Emmauel Grabovetskii was born in 1912 in Simferopol, the Crimea. His father Markus (or Mordecai, according to other sources), a native of Vilna, had settled in the Crimea prior to Emmanuil's birth. He was a lithographer by trade, and in the 1930s he worked at a print shop in Simferopol. Emmanuil's mother died when he was six years old, and his father remarried. Emmanuil thus had a full sister, Esther, and a half-brother, Leonid. Markus was religiously observant, while his two wives were less so. At the age of fourteen, Emmanuil dropped out of school and began to work. In 1932, he was drafted into the Red Army, and discharged two years later. In 1934-37, he worked at the editorial office of the Krymskii Komsomolets newspaper.
On June 22, 1941, the Soviet-German War broke out. On July 23, 1941, Emmanuil was drafted into the Red Army. He was attached to the 48th Cavalry Division, as the commander of a T-40 light tank. The division was sent to the Isthmus of Perekop, with orders to stop the German offensive on the Crimea through the isthmus. However, the division failed at this task, and was forced to retreat. On November 4, 1941, after an abortive attempt to defend Alushta in southern Crimea, Colonel Basan Gorodovikov divided the remnants of his 71st Cavalry Regiment into two partisan units and ordered them to go up into the mountains. Grabovetskii was ordered to burn his tank and join the 2nd partisan unit, which was commanded personally by Basan Gorodovikov. There, Grabovetskii served as a machine gunner and as the unit's political commissar. He took part in dozens of military operations. In 1943, Grabovetskii spent several months in a rear hospital, suffering from shell-shock and pneumonia; after his return to the partisan zone in August 1943, he was appointed political commissar of the 21st Partisan Unit of the Northern Formation of the Crimean Partisans. In March 1944, Grabovetskii was seriously wounded; he was evacuated by plane to a hospital in the North Caucasus. For this reason, he did not take part in the liberation of his native Simferopol by the Red Army in mid-April 1944 – a fact which Grabovetskii would later regret. After being discharged from the hospital, Emmanuil did not return to active duty.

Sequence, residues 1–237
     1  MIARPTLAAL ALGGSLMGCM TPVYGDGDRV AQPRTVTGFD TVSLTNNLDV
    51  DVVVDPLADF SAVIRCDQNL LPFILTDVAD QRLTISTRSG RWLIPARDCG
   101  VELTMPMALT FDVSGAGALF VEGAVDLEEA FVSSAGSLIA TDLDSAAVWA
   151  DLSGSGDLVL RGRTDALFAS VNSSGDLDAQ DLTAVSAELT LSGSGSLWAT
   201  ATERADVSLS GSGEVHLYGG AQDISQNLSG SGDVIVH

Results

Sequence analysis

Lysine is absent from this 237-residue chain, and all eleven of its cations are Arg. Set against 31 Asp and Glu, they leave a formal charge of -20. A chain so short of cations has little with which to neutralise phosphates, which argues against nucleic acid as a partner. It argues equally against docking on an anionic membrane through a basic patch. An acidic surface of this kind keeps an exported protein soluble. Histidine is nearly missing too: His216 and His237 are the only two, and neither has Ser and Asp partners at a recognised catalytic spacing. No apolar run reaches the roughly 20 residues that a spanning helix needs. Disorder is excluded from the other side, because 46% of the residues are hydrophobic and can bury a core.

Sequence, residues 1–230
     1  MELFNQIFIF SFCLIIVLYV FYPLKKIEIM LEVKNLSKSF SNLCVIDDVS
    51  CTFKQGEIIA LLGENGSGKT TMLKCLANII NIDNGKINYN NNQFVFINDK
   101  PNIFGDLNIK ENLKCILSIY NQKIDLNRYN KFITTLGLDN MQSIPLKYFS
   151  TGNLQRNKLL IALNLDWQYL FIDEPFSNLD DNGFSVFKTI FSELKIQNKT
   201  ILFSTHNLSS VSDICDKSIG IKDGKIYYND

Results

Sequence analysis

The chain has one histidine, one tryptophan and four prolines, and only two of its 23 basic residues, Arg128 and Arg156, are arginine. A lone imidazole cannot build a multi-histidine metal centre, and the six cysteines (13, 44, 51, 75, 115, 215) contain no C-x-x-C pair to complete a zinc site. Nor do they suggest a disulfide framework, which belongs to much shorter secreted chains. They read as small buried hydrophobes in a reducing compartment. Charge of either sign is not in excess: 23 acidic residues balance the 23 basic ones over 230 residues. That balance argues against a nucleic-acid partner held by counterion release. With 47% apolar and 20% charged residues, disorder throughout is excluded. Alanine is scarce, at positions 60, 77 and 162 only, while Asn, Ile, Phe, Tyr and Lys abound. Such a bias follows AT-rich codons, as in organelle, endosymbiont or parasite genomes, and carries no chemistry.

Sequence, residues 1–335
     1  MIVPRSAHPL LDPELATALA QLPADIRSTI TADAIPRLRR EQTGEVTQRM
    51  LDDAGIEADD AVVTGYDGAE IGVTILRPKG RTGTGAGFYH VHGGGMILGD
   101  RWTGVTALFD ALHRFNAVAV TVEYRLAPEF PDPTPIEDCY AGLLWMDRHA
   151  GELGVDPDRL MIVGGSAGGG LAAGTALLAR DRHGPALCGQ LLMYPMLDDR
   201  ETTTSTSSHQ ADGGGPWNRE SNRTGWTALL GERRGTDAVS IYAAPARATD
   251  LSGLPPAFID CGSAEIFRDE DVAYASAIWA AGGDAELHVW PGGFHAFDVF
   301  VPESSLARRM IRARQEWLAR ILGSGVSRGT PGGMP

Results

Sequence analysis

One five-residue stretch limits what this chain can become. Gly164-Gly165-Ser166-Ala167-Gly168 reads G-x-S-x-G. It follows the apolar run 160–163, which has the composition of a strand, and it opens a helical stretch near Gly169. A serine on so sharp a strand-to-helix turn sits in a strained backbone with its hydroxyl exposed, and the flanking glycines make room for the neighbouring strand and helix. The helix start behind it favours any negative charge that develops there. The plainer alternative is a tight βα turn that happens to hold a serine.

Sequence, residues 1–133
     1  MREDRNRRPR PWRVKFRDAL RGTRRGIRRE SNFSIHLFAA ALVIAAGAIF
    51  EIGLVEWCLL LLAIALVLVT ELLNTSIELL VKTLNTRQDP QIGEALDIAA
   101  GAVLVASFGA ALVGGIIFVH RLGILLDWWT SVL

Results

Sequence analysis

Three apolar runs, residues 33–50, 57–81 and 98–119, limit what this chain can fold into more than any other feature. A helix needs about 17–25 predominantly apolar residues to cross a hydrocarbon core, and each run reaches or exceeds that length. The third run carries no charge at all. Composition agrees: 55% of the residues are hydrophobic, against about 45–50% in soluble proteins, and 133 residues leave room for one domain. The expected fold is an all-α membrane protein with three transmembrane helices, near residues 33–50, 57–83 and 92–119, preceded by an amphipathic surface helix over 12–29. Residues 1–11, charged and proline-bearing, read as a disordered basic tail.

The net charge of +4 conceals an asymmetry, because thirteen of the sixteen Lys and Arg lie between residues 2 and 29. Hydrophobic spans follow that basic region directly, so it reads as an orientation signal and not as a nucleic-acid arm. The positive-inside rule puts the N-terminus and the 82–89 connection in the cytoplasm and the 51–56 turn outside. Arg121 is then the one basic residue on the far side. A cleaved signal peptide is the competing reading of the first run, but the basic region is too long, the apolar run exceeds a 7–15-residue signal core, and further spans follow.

In the course of the war, Grabovetskii was awarded the Order of the Red Banner and the medals "For the Defense of Sevastopol" and "Partisan of the Patriotic War", 1st class. His highest military rank was that of senior sergeant. His father, stepmother, and siblings were killed under the German occupation.
After the war, Grabovetskii worked as a graphic designer and artist at various newspapers, and as a book illustrator. In 1963, he designed a monument to the Crimean partisans of the Soviet-German war, The Partisan Hat, which was erected at the 27th kilometer of the Simferopol-Alushta highway. In 2001, he immigrated to Israel. Emmanuil Grabovetskii died in 2007 in Netanya.